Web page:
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Brief intervention can often be referred to as screening and brief intervention (SBI) or, in England, identification and brief advice (IBA). Brief interventions are a technique used to initiate change for an unhealthy or risky behaviour such as smoking, lack of exercise or alcohol misuse. This page primarily describes brief interventions as applied to alcohol. As an alcohol intervention it is typically targeted to non-dependent drinkers, or drinkers who might be experiencing problems but are not seeking treatment. It is an approach which aims to prevent the acceleration or impact of alcohol problems, and/or to reduce alcohol consumption. It can be carried out in a range of settings such as in primary care, emergency or other hospital departments, criminal justice settings, workplaces, online, university/college settings, and other settings.
Brief intervention includes 'screening' or 'identification' whereby a persons drinking risk level is assessed using a validated tool such as the Alcohol Use Disorders Identification Test (AUDIT). This is then followed by some degree of feedback on this assessment. Alcohol Brief Interventions can be brief, such as delivered in a single session, or extended with multiple components or designed to be used multiple times.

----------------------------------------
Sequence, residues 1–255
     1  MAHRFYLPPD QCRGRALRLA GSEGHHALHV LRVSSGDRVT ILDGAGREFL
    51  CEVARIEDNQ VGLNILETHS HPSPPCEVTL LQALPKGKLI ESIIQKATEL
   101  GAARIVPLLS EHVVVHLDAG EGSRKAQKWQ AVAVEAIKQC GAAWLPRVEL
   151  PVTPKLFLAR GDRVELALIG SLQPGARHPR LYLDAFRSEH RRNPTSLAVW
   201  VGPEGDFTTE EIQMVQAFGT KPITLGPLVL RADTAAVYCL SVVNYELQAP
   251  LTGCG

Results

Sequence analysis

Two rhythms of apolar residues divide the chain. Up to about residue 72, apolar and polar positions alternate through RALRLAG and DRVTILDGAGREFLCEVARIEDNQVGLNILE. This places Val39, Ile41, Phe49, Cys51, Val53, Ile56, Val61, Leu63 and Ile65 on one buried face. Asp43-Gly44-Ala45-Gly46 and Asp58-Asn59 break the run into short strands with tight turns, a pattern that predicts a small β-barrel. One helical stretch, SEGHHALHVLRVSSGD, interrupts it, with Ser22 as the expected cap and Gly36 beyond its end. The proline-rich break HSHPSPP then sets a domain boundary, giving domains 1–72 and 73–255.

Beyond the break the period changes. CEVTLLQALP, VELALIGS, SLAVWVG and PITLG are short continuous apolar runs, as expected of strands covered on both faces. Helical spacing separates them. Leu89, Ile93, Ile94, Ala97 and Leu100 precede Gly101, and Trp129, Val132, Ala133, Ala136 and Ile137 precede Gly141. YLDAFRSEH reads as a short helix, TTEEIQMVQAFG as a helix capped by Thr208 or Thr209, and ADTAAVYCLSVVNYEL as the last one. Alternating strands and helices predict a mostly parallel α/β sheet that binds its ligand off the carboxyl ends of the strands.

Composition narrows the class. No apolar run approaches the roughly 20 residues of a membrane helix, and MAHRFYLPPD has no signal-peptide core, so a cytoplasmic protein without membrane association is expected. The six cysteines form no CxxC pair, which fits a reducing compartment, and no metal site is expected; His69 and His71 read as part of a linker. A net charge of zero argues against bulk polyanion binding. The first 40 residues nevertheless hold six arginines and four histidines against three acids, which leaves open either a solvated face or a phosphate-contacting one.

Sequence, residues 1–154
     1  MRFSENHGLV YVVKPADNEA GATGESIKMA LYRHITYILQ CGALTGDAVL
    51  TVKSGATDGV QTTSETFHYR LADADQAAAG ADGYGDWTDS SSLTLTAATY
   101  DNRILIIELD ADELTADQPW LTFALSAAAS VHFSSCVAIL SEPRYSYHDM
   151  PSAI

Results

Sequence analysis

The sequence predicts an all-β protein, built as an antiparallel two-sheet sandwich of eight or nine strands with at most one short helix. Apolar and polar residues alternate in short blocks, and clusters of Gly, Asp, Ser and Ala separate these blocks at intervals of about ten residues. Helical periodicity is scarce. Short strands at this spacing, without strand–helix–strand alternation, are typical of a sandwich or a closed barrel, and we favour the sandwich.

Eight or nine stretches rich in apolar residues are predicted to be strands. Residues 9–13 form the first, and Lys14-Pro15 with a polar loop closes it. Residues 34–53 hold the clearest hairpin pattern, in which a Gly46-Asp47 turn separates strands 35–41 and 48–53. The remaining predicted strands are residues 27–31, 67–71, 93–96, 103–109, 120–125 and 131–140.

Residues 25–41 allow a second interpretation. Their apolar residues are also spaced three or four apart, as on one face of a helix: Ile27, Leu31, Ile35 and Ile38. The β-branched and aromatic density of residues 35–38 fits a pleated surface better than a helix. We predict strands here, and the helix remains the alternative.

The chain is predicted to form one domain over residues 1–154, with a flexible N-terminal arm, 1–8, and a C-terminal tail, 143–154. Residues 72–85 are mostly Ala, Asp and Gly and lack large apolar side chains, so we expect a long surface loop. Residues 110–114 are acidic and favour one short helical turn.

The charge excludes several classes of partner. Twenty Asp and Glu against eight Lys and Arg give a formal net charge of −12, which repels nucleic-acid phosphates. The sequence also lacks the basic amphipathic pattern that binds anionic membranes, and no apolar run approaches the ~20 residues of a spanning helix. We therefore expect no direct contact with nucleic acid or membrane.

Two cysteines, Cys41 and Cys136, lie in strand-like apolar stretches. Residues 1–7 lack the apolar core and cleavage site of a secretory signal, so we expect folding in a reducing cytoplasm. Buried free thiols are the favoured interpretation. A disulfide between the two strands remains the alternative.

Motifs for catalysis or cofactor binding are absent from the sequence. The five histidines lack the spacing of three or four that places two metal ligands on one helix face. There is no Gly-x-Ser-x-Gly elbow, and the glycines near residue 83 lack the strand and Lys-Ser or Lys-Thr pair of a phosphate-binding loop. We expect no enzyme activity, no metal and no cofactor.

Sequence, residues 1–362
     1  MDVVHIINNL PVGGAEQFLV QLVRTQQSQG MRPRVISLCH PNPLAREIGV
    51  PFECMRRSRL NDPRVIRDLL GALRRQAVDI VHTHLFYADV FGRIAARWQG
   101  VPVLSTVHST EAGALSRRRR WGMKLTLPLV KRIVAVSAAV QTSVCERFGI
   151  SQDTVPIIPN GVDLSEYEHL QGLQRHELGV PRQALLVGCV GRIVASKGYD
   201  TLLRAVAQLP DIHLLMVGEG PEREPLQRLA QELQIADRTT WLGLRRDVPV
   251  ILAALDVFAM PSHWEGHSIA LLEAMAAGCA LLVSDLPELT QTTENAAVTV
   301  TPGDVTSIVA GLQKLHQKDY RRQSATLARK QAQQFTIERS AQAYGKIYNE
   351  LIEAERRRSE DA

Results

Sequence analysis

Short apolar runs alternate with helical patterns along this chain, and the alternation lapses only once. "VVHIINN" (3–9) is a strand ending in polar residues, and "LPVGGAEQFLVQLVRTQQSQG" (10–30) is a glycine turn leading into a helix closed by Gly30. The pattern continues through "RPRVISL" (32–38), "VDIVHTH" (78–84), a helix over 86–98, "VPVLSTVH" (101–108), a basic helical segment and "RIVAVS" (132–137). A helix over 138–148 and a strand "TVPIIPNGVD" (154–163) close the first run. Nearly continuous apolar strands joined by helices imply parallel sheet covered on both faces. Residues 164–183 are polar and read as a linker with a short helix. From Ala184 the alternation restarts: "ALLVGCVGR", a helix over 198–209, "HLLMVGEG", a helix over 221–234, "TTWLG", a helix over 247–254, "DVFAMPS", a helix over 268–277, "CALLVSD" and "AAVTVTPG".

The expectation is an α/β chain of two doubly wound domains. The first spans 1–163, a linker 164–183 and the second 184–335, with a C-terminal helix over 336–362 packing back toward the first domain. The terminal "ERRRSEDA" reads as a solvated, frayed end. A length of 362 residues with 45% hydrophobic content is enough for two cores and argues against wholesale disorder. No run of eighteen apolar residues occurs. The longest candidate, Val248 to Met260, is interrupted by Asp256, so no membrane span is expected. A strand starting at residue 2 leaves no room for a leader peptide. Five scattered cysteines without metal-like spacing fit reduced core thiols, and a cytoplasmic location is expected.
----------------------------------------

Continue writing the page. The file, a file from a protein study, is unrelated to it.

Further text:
It works in two ways:
- by getting people to think differently about their alcohol use so that they begin to think about or make changes in their alcohol consumption.
- by providing those who choose to drink with skills that allow them to consume alcoholic beverages in a safer way.
For alcohol misuse, the following elements have been identified as particularly important, and forming the acronym FRAMES:
- Feedback on the risk for alcohol problems
- Responsibility: where the individual with alcohol misuse is responsible for change